Given the wild success of its She-Ra reboot, I'm surprised its revival of He-Man sticks so close to the early-80s original (and the brief turn-of-the-century revival). Variety, with the exclusive, makes clear the promise that not much has changed beyond our hero being "a bit glowed up."
Since the series was announced in 2019, fans have been speculating just what executive producer and showrunner Kevin Smith — writer-director of "Clerks," "Chasing Amy" and "Dogma" — would be doing with the property. As the images make clear, Smith and the team at Powerhouse Animation (also the animation studio behind Netflix's "Castlevania" series) are paying homage not just to the look of the original series, but its storylines as well.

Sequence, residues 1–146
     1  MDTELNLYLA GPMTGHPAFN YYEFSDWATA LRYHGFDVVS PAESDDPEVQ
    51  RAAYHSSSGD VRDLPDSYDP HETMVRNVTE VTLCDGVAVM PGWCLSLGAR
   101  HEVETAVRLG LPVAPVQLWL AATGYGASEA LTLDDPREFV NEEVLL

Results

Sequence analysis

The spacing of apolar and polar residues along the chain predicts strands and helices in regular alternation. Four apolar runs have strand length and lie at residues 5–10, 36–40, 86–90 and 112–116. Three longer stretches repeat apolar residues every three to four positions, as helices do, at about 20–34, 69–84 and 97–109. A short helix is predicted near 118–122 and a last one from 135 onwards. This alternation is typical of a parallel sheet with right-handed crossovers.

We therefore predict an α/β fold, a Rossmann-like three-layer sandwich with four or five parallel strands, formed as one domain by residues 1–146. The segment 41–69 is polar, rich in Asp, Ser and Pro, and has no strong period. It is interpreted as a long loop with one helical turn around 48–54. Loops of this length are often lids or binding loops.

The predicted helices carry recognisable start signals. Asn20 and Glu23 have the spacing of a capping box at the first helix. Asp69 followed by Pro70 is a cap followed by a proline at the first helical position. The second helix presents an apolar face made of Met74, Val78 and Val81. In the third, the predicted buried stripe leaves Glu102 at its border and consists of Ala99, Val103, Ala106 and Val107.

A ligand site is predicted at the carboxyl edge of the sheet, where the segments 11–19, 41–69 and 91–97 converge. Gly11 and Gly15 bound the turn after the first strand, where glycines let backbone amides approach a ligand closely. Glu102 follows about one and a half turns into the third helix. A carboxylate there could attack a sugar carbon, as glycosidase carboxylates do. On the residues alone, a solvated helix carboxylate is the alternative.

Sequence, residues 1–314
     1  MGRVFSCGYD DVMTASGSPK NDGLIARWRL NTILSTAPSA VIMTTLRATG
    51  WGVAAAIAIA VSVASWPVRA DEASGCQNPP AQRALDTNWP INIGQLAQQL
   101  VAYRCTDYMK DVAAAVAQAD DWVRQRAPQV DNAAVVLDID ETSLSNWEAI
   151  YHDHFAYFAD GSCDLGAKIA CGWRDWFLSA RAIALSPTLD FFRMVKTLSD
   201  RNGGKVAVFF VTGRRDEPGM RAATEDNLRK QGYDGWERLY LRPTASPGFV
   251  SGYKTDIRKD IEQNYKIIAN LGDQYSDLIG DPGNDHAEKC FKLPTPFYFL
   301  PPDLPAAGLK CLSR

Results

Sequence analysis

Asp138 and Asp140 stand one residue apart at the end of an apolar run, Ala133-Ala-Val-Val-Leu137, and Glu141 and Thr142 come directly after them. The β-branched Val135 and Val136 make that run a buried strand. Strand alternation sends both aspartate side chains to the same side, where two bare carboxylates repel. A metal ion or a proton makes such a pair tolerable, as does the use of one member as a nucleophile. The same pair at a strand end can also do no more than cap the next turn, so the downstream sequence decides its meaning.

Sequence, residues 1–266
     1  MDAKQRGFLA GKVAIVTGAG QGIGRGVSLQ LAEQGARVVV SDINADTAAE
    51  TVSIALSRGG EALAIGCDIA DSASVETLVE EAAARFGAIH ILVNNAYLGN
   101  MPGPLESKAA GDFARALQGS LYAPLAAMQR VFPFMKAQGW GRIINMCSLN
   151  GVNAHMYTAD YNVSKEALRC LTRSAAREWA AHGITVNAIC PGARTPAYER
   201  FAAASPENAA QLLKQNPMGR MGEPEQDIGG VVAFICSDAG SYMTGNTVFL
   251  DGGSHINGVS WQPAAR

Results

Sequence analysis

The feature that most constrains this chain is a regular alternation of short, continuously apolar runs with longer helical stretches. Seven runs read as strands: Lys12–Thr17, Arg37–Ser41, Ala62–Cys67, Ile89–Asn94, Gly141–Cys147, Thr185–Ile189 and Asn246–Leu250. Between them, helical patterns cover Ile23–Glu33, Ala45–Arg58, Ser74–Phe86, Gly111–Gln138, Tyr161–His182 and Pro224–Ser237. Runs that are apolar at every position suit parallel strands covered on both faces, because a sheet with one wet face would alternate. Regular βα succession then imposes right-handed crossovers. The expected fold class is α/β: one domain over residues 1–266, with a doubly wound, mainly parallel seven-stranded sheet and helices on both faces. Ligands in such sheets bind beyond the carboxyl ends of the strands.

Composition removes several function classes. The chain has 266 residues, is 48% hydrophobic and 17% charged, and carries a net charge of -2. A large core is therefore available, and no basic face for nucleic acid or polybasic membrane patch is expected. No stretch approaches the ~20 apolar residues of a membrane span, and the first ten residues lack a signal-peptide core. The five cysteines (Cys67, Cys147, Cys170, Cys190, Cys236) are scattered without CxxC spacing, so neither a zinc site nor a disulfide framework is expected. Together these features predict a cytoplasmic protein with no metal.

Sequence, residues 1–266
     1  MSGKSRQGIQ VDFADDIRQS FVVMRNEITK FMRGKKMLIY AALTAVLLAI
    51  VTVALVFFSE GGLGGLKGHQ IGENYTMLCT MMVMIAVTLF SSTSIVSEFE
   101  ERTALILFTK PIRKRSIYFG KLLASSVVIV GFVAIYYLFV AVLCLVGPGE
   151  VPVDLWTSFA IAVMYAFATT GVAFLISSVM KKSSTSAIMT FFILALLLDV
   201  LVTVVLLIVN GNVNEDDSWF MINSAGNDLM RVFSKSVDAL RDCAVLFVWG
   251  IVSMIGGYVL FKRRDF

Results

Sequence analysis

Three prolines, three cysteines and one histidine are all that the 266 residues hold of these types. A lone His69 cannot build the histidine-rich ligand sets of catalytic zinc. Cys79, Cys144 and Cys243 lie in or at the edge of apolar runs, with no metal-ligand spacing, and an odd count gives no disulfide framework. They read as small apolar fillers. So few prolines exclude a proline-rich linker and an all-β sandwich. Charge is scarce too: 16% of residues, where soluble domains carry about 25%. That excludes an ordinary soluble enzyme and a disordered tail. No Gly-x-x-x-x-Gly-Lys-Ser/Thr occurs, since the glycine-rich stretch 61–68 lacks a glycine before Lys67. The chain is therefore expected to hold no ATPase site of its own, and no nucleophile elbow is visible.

Hall is right, but on reflection I think he perhaps underestimates the commercial value of that audience and its ability to knock this show. By the time Noelle Stevenson made something new and wonderful from it, She-Ra was but a warm memory for its audience. But He Man, like all the other 80s boy-marketed stuff, is forever alive with its audience's cold grip on everything from their childhoods.
Another way of putting it: the backlash against the new She-Ra came from old men who never watched it then and would never watch it now. But the backlash against a significantly rebooted He-man would come from old men who never stopped watching it and are the only people who would ever watch it now.
On which note I realize it has been four years since I last posted CKY ft. Gnarkill's Skeletor vs Beastman.